2moto

Innovation on 2 wheels

Norick Abe YZR-500 Replica

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The spiritual successor to the RD-350

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95Racer: 95bhp and 95kg

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Norick Abe YZR-500 Replica

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The spiritual successor to the RD-350

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YZR-500 Frame Kit

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The spiritual successor to the RD-350

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Why Re-balance the Crank?

You could rightly ask why we bothered trying to re-balance the crank on a well-proven RD-350 YPVS engine. Well, it's the classic tale of one thing leads to another, I'm afraid. To recap this project, we wanted to create a hybrid utilising the venerable RD-350 YPVS engine and put into a more modern chassis. It provides the platform to a vast array of "hop up" parts courtesy to our US cousins who go wild with their Banshee quad bikes. So, using this base engine in a modern 250 sized chassis meant to us a 2-stroke bike that could be developed as we go.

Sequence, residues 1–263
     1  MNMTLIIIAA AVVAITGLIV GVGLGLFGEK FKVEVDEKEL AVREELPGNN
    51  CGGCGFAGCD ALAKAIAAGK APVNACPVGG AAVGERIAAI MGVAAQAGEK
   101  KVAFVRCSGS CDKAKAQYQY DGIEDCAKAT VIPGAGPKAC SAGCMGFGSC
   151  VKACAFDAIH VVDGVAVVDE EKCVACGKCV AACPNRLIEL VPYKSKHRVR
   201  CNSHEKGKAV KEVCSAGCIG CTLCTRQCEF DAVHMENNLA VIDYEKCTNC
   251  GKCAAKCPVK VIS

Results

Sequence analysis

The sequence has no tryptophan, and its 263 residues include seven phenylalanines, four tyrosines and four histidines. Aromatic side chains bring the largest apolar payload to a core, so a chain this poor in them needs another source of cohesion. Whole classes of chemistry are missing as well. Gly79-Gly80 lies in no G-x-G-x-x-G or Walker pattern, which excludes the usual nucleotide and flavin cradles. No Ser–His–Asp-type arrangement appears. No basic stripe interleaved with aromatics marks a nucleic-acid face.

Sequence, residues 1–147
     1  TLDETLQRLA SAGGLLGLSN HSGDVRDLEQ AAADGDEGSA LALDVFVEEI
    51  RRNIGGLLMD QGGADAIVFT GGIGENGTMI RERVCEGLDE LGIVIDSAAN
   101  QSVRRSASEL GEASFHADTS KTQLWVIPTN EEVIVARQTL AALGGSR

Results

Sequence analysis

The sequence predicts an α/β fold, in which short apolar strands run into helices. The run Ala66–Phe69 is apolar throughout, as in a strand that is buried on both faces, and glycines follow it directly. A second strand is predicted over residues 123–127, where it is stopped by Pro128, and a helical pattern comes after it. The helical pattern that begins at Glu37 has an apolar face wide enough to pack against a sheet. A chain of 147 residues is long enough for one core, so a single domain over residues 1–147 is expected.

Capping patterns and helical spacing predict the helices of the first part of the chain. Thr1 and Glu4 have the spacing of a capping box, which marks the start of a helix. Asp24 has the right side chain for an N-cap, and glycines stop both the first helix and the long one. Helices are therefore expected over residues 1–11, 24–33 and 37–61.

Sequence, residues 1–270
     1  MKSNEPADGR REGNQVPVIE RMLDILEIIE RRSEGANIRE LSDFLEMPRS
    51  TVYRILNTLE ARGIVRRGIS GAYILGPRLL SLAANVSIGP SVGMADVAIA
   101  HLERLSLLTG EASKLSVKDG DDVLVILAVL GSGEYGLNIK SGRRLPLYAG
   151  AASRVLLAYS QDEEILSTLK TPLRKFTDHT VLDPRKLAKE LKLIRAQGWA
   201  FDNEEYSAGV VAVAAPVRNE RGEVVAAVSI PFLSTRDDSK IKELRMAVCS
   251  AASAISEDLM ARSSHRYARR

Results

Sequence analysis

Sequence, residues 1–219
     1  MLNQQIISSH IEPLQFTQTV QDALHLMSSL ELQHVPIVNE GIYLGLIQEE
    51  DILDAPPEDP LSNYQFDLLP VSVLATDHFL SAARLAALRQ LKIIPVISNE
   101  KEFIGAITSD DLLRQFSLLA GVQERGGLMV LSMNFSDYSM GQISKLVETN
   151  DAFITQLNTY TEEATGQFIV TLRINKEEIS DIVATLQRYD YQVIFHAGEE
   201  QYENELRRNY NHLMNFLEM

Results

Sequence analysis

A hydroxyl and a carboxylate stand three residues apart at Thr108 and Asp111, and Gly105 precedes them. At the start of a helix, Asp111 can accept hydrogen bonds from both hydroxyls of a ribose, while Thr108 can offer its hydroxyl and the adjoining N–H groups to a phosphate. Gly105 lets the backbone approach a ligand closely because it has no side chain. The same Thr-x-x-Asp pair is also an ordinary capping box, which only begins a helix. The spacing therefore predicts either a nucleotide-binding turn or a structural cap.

The YPVS engine is fairly long, so the TZR-250 3MA chassis is a perfect combination since the 3MA frame is fairly long when compared to 250 chassis that use a V-twin engine, e.g. the 3XV. The 3MA chassis uses engine mounts at the rear and top of the engine, i.e. there is no engine cradle like on the RD-350. So, rather than adding weight, we decided to utilise the top engine mounts and suspend the engine without an underslung engine cradle. This meant making special brackets that picked up the outer cylinder base mounts and located the top mounts near the extreme left and right side, and mounting the engine much more solidly. It also meant there was no point trying to put the standard Yamaha engine tie-rods back on.

We track tested the bike in this configuration and it behaved very well indeed. It was a successful first step even though the engine setup was far from perfect. Although not excessive, the engine vibration made themselves felt. This is something we wanted to try to address in a subsequent engine rebuild. Well, that opportunity arose sooner than we expected when the right cylinder lunched its piston.

This provided us the opportunity to make a number of upgrades which are detailed in the preceding blog post. The key one for this article was the 58 mm (+4 mm) stroker . We chose the one sold under the Hotrod brand, which is a Taiwanese product.

As we said at the beginning of this post, one thing led to another...but we are where we are. Our next post will go into the analysis and engineering of the actual balancing work.

Anyone still awake?